for another great strategy for approaching these issues, check out Carmen Van Kerckhove’s “How to Respond to a Racist Joke”. (i’d link to the original article at new demographic, but it doesn’t seem to be working at the moment…).

anyone else got suggestions, throw them in the comments.

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6 responses to “strategies for negotiating oppressive behaviour

  1. oldandmoldymatty

    I really like this, your such an inspiring friend, I enjoy how we often both leave conversations, taking in new perspectives and Ideas to apply to our lives. Its like there is two highways on the way to the liberation, of our planet and our hearts(that west coast coming out)

    My highway is paved with perfection and yours with cops trying to spike your tires……haha just kidding
    ….but really back to the two highways……..running opposite directions, we are both biking on those old burnt out highways, tired and groggy, the world has collapsed, and all that is left is bicycles, and orange sunrises, neither of us know where we are going, but are following our hearts, pedals and our personal commitments to changing our community’s in radical ways…..eventually those long endless daze riding on that highway lead us to this mirage, of ourselves, biking right at us, its almost like im riding right into me, and you into you(i guess this is the part that gets confusing, haha)
    and we decide, to just do it ride right on into that mirage of ourselves, then bam! honk honk rattle rattle crash beep beep( i stole that line) we smash into one another, getting up in a long drawn out cackle laugh, we embrace in the realization that we were going to the same place………….in a different way…

    you truly are a great friend, and gift to all, your talents are growing sharper and brighter everyday.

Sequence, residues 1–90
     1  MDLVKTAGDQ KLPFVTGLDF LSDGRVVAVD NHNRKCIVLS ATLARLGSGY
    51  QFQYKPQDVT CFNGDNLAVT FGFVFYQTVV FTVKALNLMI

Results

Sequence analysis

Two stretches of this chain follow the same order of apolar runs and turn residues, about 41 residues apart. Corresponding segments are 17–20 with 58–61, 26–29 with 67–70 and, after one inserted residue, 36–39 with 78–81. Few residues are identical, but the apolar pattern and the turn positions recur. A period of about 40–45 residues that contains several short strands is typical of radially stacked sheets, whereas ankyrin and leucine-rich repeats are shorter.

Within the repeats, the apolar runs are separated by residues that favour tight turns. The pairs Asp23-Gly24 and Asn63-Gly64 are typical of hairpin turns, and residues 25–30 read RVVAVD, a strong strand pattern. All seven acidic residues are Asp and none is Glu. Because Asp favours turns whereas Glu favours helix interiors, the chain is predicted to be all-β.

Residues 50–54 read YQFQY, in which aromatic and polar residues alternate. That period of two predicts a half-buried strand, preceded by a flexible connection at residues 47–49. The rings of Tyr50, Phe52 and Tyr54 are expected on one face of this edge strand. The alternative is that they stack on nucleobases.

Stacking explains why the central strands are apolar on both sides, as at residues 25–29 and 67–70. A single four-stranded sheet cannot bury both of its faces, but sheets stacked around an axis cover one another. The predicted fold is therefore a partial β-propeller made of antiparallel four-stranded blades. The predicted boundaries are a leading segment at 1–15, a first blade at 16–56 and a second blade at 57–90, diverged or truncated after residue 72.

Look foreward to seeing you again, someday somewhere amongst the animals(humyns)

    in your own words
    stay free
    matty

  2. your posts on this topic come at an opportune time for me and the Anti Oppression Committee at Bike Pirates here in TO. we’re adding you to our resources as we create workshops for ourselves to identify oppression, create safe spaces and craft an anti oppression policy for our organization. thanks for being a part!

  3. I’ve noticed when I feel angry as a side effect of feeling threatened, I can feel certain that my viewpoint is Euclidian truth. Then I remember that Riemann and Lobachevsky accidentally proved (in the 1800s) that you could get perfectly valid mathematical systems by starting with a different axiom set than Euclid started with.
    There’s more than one version of truth possible; that certainty we feel when we’re angry or frightened can rarely survive actually listening to another’s view.

  4. This is wonderful — thanks for the post, and for keeping the conversation going.

    • feralgeographer

      thanks! i’ve been drafting a bit of a follow-up in recent months, though it’s still in my head. in the meantime, i’m excited by how many views this post gets, and i hope more people add their thoughts.